I know I'm not going to win this one here, but this stuff is bad juju just like the bumpstock crap. It hurts our cause far more than it helps. 

    Couldn’t one say the same thing about an ar15.  Where exactly do you stop giving up rights because something “looks bad” to people who just want to take away all of your rights anyway.  Every time we give ground they start after the next piece of .
    Logistics cannot win a war, but its absence or inadequacy can cause defeat. FM100-5
  • CaliFFLCaliFFL Senior Member Posts: 5,486 Senior Member
    Accipiter said:
    I know I'm not going to win this one here, but this stuff is bad juju just like the bumpstock crap. It hurts our cause far more than it helps. 

    Couldn’t one say the same thing about an ar15.  Where exactly do you stop giving up rights because something “looks bad” to people who just want to take away all of your rights anyway.  Every time we give ground they start after the next piece of ground.  F that.
    I for one think there should be SOME laws that allow cops to stop bad guys with guns before they shoot someone. Concealed carry licenses are a good example. I'm very much in favor of licensing and generally against "constitutional carry". Carry around a gun with a good guy card, good for you, go on your way. Carry a gun without one, welp you just bought yourself a ticket to the klink. Good guys rarely have a problem getting a license, bad guys rarely bother.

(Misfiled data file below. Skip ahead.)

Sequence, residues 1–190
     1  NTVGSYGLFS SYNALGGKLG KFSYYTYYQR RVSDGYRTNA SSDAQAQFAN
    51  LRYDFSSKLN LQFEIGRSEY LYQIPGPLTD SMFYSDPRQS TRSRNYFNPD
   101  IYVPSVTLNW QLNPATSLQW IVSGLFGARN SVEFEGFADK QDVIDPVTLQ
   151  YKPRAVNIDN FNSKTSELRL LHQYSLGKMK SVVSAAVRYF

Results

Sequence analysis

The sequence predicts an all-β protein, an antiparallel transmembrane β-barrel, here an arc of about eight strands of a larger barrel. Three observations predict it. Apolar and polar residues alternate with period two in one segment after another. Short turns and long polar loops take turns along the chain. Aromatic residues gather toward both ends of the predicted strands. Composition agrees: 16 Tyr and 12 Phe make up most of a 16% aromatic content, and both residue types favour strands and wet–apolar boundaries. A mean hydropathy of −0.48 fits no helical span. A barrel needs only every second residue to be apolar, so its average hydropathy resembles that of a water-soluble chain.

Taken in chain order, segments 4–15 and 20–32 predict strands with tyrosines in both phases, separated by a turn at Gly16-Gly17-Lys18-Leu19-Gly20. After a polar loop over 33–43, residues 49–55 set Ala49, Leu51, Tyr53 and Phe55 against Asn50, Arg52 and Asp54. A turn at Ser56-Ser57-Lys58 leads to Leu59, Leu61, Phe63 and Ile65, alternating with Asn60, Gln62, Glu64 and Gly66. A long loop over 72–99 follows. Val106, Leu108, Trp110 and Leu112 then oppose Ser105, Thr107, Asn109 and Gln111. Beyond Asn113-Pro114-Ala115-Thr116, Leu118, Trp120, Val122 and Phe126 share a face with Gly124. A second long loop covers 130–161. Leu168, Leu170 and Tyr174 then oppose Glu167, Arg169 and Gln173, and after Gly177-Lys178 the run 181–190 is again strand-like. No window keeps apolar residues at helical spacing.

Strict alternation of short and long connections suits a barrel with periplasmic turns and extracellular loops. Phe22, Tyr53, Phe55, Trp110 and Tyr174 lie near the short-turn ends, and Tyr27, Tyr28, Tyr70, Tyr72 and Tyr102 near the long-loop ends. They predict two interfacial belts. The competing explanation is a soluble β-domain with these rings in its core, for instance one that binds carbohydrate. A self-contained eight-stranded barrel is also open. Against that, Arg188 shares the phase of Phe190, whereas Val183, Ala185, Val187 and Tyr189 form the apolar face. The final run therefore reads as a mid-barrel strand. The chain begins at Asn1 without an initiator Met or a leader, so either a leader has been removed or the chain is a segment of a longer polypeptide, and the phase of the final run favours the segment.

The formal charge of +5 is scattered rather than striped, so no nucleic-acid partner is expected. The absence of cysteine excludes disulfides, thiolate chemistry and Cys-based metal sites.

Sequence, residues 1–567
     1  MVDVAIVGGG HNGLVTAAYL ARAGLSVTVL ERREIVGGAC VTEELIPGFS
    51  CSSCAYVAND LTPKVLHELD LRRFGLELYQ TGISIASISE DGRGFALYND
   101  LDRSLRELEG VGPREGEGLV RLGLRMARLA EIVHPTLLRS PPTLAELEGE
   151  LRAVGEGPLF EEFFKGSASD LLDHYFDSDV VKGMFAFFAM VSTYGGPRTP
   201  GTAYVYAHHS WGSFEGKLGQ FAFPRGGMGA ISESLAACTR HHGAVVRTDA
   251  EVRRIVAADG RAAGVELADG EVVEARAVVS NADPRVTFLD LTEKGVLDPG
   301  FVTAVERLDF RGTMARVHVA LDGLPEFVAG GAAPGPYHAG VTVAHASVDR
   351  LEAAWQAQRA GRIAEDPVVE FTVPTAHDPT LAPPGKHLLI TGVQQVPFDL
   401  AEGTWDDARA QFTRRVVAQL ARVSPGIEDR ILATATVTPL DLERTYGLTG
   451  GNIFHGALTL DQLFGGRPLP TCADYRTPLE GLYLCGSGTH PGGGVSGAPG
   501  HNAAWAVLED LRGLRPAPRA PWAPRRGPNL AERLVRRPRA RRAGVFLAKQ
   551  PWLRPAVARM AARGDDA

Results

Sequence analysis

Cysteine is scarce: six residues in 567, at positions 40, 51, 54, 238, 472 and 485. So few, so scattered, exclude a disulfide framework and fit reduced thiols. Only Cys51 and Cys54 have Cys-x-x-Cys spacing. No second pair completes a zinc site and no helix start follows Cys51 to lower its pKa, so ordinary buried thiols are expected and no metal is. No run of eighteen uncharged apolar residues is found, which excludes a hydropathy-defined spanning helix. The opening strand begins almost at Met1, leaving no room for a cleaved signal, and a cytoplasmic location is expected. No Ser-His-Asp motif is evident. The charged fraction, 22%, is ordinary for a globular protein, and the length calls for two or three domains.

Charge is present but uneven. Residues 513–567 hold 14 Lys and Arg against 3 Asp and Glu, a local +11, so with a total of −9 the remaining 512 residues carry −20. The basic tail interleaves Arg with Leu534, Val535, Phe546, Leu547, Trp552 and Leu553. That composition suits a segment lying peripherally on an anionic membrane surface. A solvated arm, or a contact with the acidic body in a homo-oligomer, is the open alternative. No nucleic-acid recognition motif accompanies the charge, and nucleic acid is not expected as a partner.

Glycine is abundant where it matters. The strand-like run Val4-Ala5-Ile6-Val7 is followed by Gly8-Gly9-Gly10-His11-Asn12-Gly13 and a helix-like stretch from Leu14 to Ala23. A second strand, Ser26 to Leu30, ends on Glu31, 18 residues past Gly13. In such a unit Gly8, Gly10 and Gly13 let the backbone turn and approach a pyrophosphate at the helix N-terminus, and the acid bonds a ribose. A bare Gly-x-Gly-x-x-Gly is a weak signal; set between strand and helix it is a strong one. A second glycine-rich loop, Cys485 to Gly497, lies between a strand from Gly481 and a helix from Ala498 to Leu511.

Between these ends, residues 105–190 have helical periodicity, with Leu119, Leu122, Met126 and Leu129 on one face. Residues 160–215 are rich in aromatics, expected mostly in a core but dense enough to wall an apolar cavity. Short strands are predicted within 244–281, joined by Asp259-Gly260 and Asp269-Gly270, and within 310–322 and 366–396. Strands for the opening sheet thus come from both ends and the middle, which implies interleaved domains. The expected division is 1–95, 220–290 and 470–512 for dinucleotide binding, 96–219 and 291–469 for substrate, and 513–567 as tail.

Today in a constitutional carry state, a cop stops a car full of thugs wearing known gang colors and symbols who are all carrying unmarked glocks manufactured from 80% lowers all he can do is send them on their way with a smile. Now when they wait half an hour and go execute their previously planned driveby they can just ditch the barrels from their ghost guns and the cops won't have any way to tracing the crime back to them. I'd very much like to hear from some of the LEO's on the board about how a lot of this stuff has the potential to affect how they do their jobs. It certainly seems to me that 2A proponents have done a heck of a lot to make it much easier to be a criminal these days. 



    So...a bunch of Americans riding in a car, wearing disapproved clothing, exercising their 2A rights, and you want the cops to arrest them. Everything else is just statist fantasy. 

    Think it through Alpha. Think it through. 



    When our governing officials dismiss due process as mere semantics, when they exercise powers they don’t have and ignore duties they actually bear, and when we let them get away with it, we have ceased to be our own rulers.

    Adam J. McCleod


  • AccipiterAccipiter New Member Posts: 887 Senior Member
    Accipiter said:
    I know I'm not going to win this one here, but this stuff is bad juju just like the bumpstock crap. It hurts our cause far more than it helps. 

    Couldn’t one say the same thing about an ar15.  Where exactly do you stop giving up rights because something “looks bad” to people who just want to take away all of your rights anyway.  Every time we give ground they start after the next piece of ground.  F that.
    I for one think there should be SOME laws that allow cops to stop bad guys with guns before they shoot someone. Concealed carry licenses are a good example. I'm very much in favor of licensing and generally against "constitutional carry". Carry around a gun with a good guy card, good for you, go on your way. Carry a gun without one, welp you just bought yourself a ticket to the klink. Good guys rarely have a problem getting a license, bad guys rarely bother.